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  • 1. Customer Driven Marketing: How Consumers are Taking over the Marketing Mix Leyland Pitt Lulea University of Technology November 2009
  • 2. Marketing’s Progression Up to 1980’s 1990’s through to 2005 Since 2005
  • 3. Traditional Marketing: Marketing AT the Customer
  • 4. Marketing “at” the customer
    • Customer heterogeneity confuses marketing
    • So customers are best seen as homogenously grouped – market segments
    • “ Target marketing” – but more like hunting with a shotgun and hoping to hit something
  • 5. Addressable Marketing: Marketing TO the Customer Firm
  • 6. Marketing “TO” the Customer
    • The age of addressability
    • Technology enables an understanding of the individual customer
    • The customer becomes the “prey” and the marketer becomes the “hunter”
    • Customer is targeted with laser precision
    • The era of “mass customization”
  • 7. Marketing in the Age of the Network: Marketing WITH the Customer
  • 8. The Consumer becomes a Marketer
    • The networked consumer uses technology to perform marketing functions previously the prerogative of firms
    • The “4 P’s”
    • The consumer becomes part of a marketing dialog, not the target of a marketing monolog
  • 9. Deighton and Kornfeld, 2007
    • “ The really surprising and interesting events of the last decade from the perspective of marketing practice and theory have not had to do with better interaction between the marketer and the consumer. They have had to do with digitally enhanced communication among consumers, and between people and the world’s information, and marketing has struggled to find a place on these new communication pathways.”
  • 10. Whereas the early promise of technology
    • …… was to give marketers hitherto undreamed of power over consumers by using all the information that had been gathered and processed on them to the firm’s benefit (cf. Blattberg and Deighton, 1991) recent evidence suggests that the opposite is occurring.
    • Deighton and Kornfeld (2007): “ it's the consumer who runs the show for the most part, not the marketer—in fact, forget the "consumer" label altogether ”.
  • 11. Technology is enabling consumers to perform for themselves and others
    • many of the marketing tasks and functions (the well-known “4Ps”) that were previously the prerogatives of organizations
    • eBay
    • Betfair
    • ePinions
    • redesigning and remanufacturing products for themselves and others, and using internet technologies to distribute their offerings (Mollick, 2005)
    • There don’t seem to be any of marketing’s 4 Ps that are immune to the consumer-technology onslaught
  • 12. Clever Customers Messing with Products
  • 13. Jim Hill
    • barred from the Magic Kingdom
    • devoted Disney fan writes a blog on Disney
    • Offers guided but unauthorized tours of Disneyland, charging $25 per person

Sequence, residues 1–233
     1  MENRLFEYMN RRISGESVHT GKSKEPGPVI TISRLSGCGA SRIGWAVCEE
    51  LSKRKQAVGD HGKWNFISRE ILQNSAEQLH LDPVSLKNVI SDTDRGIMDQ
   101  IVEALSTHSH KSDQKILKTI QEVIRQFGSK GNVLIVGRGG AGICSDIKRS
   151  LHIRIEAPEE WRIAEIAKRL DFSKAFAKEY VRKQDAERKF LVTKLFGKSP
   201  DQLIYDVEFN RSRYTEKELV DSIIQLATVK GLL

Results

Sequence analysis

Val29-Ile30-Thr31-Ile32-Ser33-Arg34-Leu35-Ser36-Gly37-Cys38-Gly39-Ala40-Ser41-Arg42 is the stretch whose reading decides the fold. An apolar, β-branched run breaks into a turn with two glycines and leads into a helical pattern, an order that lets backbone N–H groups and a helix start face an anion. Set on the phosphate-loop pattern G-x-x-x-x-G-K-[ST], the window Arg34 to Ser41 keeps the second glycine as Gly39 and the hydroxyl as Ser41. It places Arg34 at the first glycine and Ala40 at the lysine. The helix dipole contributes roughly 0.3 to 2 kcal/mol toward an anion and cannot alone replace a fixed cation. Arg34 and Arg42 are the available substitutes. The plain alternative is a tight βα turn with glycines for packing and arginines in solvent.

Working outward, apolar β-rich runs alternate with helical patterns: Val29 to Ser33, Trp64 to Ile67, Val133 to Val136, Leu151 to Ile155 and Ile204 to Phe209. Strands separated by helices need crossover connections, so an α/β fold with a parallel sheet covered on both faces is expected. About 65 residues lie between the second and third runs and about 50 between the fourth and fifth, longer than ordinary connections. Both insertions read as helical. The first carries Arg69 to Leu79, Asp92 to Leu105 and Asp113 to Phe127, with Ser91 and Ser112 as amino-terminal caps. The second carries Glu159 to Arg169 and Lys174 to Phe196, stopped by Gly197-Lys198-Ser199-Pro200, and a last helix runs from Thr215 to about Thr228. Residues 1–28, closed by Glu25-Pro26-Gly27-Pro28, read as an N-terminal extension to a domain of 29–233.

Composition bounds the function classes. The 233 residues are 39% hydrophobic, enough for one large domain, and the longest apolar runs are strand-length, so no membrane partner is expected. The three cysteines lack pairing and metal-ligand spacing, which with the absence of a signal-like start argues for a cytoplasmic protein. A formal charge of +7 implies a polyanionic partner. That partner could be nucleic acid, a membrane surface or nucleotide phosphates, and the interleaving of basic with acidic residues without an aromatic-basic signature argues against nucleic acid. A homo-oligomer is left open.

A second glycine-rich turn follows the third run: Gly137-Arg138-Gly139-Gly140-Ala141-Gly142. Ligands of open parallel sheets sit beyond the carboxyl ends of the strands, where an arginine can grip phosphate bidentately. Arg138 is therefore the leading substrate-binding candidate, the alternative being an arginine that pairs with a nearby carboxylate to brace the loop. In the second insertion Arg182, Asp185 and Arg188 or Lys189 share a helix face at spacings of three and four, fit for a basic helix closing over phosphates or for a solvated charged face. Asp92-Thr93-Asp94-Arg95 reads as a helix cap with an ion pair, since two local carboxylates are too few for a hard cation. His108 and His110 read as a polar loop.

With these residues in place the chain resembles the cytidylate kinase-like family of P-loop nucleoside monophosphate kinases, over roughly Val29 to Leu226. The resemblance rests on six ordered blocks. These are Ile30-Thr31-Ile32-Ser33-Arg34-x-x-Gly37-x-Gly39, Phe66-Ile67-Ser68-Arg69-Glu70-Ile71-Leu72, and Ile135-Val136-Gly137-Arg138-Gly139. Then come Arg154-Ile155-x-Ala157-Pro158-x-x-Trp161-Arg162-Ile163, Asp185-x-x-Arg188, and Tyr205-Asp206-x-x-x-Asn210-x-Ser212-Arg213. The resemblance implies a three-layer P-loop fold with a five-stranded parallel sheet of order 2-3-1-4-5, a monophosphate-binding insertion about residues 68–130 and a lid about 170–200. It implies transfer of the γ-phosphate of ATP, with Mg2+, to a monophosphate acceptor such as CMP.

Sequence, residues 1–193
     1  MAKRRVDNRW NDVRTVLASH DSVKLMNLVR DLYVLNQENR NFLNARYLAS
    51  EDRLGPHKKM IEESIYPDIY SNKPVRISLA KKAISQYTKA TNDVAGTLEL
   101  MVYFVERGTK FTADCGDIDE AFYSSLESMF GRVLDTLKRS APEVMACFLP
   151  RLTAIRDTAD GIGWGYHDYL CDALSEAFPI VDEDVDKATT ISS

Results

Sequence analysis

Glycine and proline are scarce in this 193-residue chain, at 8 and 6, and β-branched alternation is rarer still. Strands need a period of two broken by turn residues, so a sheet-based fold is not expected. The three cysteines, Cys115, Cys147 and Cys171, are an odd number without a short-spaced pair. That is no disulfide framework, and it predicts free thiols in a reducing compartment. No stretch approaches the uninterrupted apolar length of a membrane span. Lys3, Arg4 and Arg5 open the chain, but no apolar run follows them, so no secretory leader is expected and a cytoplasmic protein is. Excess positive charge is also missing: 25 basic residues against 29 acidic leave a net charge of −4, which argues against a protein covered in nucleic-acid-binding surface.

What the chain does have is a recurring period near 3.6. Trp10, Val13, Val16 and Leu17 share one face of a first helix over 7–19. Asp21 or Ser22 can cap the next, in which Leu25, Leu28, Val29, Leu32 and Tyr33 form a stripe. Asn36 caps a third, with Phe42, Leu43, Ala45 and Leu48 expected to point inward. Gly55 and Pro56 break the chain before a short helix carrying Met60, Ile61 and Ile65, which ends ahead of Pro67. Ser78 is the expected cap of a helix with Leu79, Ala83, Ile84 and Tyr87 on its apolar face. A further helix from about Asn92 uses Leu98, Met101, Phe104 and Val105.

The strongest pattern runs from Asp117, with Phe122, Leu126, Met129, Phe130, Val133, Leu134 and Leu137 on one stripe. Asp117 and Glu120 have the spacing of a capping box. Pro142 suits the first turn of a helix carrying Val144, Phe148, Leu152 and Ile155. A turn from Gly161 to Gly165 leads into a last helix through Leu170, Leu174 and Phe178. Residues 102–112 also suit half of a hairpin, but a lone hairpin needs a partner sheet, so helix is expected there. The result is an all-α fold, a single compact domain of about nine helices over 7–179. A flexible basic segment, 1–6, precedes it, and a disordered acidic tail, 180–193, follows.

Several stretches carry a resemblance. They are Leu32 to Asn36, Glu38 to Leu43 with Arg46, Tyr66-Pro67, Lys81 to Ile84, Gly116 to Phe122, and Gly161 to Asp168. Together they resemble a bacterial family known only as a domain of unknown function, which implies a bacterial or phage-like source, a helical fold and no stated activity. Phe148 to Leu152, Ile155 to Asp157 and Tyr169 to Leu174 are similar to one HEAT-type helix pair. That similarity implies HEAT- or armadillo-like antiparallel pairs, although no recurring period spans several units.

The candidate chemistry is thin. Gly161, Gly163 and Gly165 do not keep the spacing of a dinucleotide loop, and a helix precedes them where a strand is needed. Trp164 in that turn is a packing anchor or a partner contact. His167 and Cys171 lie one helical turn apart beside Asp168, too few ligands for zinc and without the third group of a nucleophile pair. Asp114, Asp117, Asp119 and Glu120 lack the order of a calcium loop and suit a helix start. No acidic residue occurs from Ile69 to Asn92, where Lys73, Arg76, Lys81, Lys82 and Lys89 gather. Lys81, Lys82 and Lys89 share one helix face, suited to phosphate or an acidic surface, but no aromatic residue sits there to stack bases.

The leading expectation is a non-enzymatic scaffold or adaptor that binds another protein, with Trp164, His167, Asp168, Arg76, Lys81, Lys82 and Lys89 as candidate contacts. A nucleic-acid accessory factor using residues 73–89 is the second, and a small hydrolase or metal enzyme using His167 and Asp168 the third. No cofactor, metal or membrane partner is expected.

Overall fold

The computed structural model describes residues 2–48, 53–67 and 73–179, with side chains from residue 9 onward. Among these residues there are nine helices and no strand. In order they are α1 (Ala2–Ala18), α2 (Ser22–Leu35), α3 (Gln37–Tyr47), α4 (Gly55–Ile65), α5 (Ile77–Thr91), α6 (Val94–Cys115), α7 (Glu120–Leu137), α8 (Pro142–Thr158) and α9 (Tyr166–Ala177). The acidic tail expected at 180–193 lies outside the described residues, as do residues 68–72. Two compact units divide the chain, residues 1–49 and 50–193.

• March 2005 security at Disneyland in Anaheim, California informed him barred from the park and all other Disney venues
  • 14. Jose Avila
    • Made furniture for his apartment exclusively from Federal Express boxes
    • displayed pictures on his website ( )
    • FedEx promptly overnighted a cease and desist letter
    • consumer comments on weblogs persist:
      • “ This really brightened my day! The letters are classic lawyer exchange. My husband and I laughed and laughed. Lawyers jousting at windmills...”,
      • “ FedEx needs to lighten up. Jose is a bright and innovative young man, and instead of making his life miserable, they should give him a great job.
  • 15. Ron Gremban’s car
    • looks like a typical Toyota Prius hybrid
    • an additional stack of 18 brick-sized batteries boosts the car's already high mileage with an extra electrical charge so it can burn even less fuel.
    • spent several months and $3,000 tinkering with his car
    • Toyota initially frowned on people altering their cars
    • now say they may be able to learn from them
  • 16. Consumers Playing with Prices
  • 17. On eBay Off eBay On eBay On eBay Identify Items to Sell Find & Research Similar Items (Product, Price) Decide on Specifics for Price & others Decide when to list item List Items
  • 18. On eBay, sellers rely on each other
    • Most sellers do research by reviewing other sellers’ listing, primarily to set price expectations for the item they are trying to sell
    • Sellers are using eBay to assess the true market value of an item on eBay before they sell, using the same “finding” experience that buyers are using to find find value as well
  • 19. Consumers distributing products and themselves
  • 20. The Power of Social Networking
    • Facebook – more members than the populations of most of the world’s countries (world’s number 2 website)
      • In December 2008, the Supreme Court of the Australian Capital Territory ruled that Facebook is a valid protocol to serve court notices to defendants.
    • Twitter: Your own moment of fame
    • LinkedIn
  • 21. Consumers are now
    • Salespeople
    • Advertisers
  • 22. Selling the Self in Second Life…and real and virtual products too
  • 23. The Consumer as Advertiser
    • Consumers now using inexpensive software, and websites such as YouTube
    • To make and distribute ads
    • About the brands they love
    • And the brands they hate!
  • 24. A spoof ad